A gentleman named John W. Whitehead writes a holiday-related tome about adjusting to hard times. The intro represents a portrait of a large number of folks who came to Cat in the post World War II era:
When my dad returned to Pulaski, Tenn., after serving in World War II, he couldn’t find a decent-paying job. My birth barely a year later only reinforced what my parents already knew-they had no choice but to leave their home and family and this small southern town behind.
Factory towns were booming in the north. So, like hundreds of other desperate families, my parents packed their meager belongings and we moved to Peoria, Ill., where my dad got a factory job at Caterpillar Tractor Company.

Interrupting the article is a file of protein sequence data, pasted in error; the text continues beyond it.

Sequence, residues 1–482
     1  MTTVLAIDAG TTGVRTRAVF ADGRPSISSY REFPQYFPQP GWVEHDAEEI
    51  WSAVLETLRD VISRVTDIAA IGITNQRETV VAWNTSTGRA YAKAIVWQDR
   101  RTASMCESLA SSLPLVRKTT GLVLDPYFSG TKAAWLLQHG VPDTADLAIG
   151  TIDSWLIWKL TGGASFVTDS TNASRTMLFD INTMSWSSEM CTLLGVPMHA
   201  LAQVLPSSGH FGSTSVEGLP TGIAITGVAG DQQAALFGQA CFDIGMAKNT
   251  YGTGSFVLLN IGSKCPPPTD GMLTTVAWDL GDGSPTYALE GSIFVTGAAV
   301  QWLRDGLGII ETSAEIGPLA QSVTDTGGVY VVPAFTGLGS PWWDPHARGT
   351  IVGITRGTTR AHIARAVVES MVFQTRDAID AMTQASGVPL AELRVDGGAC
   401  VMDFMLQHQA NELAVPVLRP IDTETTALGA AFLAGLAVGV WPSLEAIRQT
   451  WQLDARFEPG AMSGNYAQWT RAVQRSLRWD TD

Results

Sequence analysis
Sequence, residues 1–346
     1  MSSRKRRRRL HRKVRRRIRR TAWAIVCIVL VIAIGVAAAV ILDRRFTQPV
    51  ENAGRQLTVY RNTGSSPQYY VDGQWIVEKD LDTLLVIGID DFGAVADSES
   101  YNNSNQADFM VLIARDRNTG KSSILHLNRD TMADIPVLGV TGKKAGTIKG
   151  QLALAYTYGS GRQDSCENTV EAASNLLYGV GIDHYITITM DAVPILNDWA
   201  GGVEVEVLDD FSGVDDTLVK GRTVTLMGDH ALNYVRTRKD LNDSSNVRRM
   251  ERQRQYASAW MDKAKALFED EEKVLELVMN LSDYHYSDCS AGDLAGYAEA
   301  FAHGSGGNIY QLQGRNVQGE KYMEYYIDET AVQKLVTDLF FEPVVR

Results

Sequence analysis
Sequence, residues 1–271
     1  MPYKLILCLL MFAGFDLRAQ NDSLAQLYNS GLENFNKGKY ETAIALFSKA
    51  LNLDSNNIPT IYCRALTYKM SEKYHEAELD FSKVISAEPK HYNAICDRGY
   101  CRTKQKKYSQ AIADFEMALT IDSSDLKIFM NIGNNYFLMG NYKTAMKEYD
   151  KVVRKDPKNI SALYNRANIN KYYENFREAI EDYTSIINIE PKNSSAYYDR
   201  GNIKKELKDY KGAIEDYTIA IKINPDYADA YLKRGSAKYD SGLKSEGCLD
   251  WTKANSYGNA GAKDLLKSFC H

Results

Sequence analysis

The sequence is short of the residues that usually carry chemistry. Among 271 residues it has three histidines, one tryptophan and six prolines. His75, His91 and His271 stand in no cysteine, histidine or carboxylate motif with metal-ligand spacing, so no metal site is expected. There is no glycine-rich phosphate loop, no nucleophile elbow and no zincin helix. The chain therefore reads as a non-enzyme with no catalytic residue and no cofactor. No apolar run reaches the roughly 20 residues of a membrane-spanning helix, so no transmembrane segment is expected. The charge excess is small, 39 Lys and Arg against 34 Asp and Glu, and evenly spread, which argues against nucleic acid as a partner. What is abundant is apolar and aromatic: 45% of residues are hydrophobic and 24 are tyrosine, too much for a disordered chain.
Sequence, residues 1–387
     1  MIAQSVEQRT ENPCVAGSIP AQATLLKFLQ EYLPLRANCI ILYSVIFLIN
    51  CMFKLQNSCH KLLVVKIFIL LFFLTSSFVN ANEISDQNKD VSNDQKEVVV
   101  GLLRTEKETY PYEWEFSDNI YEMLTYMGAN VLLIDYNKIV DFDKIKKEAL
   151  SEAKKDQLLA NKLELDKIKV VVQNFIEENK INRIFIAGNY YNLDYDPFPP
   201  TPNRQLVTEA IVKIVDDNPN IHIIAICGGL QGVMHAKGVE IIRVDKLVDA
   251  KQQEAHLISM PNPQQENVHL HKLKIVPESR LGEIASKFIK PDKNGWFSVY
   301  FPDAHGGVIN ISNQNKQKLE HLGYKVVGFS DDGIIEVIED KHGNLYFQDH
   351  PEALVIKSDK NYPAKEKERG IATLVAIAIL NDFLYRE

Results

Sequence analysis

That’s how Grandpa Charlie ended up in Peoria, too. He owned a farm in southeast Missouri but saw better prospects of feeding his family of seven in the factories around P-town.
The rest of the piece is has a “Christmas Story” vibe, leavened by reminders that large swaths of the United States are not sharing in the prosperity typically experienced by those who’ve worked for Cat.
Grandpa Charlie once told me he worked with a guy who was amazed at the idea that a working man could make $100 a week. You think those were the good old days?